It’s Veterans’ Day in the United States and President Obama spoke at Arlington National Cemetery, urging us not to forget the role of the military in our history and national security.
What images come to mind when we think of the military? Discipline, certainly. Row upon row of soldiers standing in formation, identical uniforms, weapons at the ready. Being rousted out of a barracks bunk before dawn to hike up mountains and drag through swamps. Drop and give me twenty. Yes, sir. No, sir. Men and women subject to all manner of verbal abuse to toughen them up for… the unthinkable.
And then the unthinkable happens and the media provide us with images of war. I think of novels like Mailer’s The Naked and the Dead and movies like “Saving Private Ryan.” I think of framed paintings of Washington crossing the Delaware and the raising of the flag at Iwo Jima. The invasion of Normandy at Omaha Beach, Pearl harbor, the mushroom cloud over Hiroshima.
And just as in the case of a nuclear blast, we are left to deal with the fallout. Gold stars in living room windows, duck-and-cover air raid drills and draft card numbers called out over the radio yield to bittersweet images of the homecoming of American heroes. The joy of a nurse and a serviceman kissing in Times Square on V-J Day, but also agent orange, limbs lost to IEDs, post-traumatic stress syndrome, homeless vets. White-gloved soldiers saluting at graveside as they remove the star-spangled banner from a coffin, fold it neatly and hand it to a grieving mother.
But mostly, I think of my father. I don’t know a lot about his military service; it’s not something he chooses to talk about much. I know he entered the Air Force as a teenager and was fortunate to escape the worst of the horrors that war serves up. It was the dawn of the 1950s, and he voluntarily joined the military rather than face the near-certainty of being drafted and shipped off to Korea. Instead, he served in southern New Jersey, at McGuire Air Force Base/Fort Dix and across the river in Delaware.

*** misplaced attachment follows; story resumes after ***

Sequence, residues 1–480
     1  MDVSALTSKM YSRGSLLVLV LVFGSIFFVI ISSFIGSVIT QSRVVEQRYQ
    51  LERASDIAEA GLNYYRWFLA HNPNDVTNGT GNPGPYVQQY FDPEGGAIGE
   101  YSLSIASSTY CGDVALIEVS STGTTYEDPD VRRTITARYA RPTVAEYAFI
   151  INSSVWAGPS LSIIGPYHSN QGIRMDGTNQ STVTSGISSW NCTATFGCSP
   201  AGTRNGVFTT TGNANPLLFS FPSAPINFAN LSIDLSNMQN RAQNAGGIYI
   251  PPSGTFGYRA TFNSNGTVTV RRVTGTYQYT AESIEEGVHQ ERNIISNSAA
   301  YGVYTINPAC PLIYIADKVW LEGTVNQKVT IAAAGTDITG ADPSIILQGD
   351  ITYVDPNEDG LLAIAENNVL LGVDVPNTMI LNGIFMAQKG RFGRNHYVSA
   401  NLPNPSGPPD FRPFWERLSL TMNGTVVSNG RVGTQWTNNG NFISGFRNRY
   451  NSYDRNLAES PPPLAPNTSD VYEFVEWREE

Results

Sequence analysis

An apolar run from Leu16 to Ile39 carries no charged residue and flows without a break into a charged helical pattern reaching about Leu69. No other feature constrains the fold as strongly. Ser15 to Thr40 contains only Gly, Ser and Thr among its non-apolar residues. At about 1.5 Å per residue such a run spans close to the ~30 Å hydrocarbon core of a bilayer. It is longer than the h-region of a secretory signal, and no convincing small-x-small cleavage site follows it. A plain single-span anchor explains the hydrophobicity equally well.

He worked on planes. The only story I remember about this is that he sometimes had to work around the clock and how one morning, after he had been at it for two days straight, he woke up on the tarmac under a plane and was shocked to realize it was the middle of the night. No one had noticed that he was still there.
Oh, and when, as kids, my sisters and I had lost something that we needed, my father would tell us that, in the military, the officers would order the soldiers to “shit one.”
My father’s commanding officer had to give him permission to get married. After which he stood by the side of the road in his uniform, stuck out his thumb and hitched a ride up to his wedding in New York.
Four years later, he had completed his military service and was able to obtain a college education on the GI bill. But for others, the story did not end as well. There are those who never made it home. And there are those who returned to their families broken in body and in spirit. Some are unemployable, others continue to live in their own private hells, unable to reintegrate into society.
So yes, we must remember those who made the ultimate sacrifice. But we have Memorial Day devoted to that. Today, on Veterans’ Day, we are called upon to reach out to the lost souls who protected us in Korea, in Vietnam, in the sands of Iraq and in the mountains of Afghanistan, and who continue to suffer long after the bombs have stopped falling, the firing of guns has ceased and everyone has gone home.
They remain among us. And now it’s our turn to give. Encourage employers to hire the vet, donate time and money to the VA hospitals and support programs for veterans in your community. Show them that their service to us has not been forgotten.
“Honoring the Veterans” on In the Write Moment – Mindy Peltier describes her visit to the Wisconsin Veterans’ Memorial.
“Thank God No Son Sonuvabitch Lives Forever” on What Happens to Us –David Groves describes the Battle of Chosin Reservoir, in which is father fought in the Korean War this month in 1950.
Sleeping Separately Won’t Kill Your Marriage – Blogger livingin4rooms tells us what it’s like to sleep in the same bed with a combat veteran who returned with a traumatic brain injury and post-traumatic stress syndrome.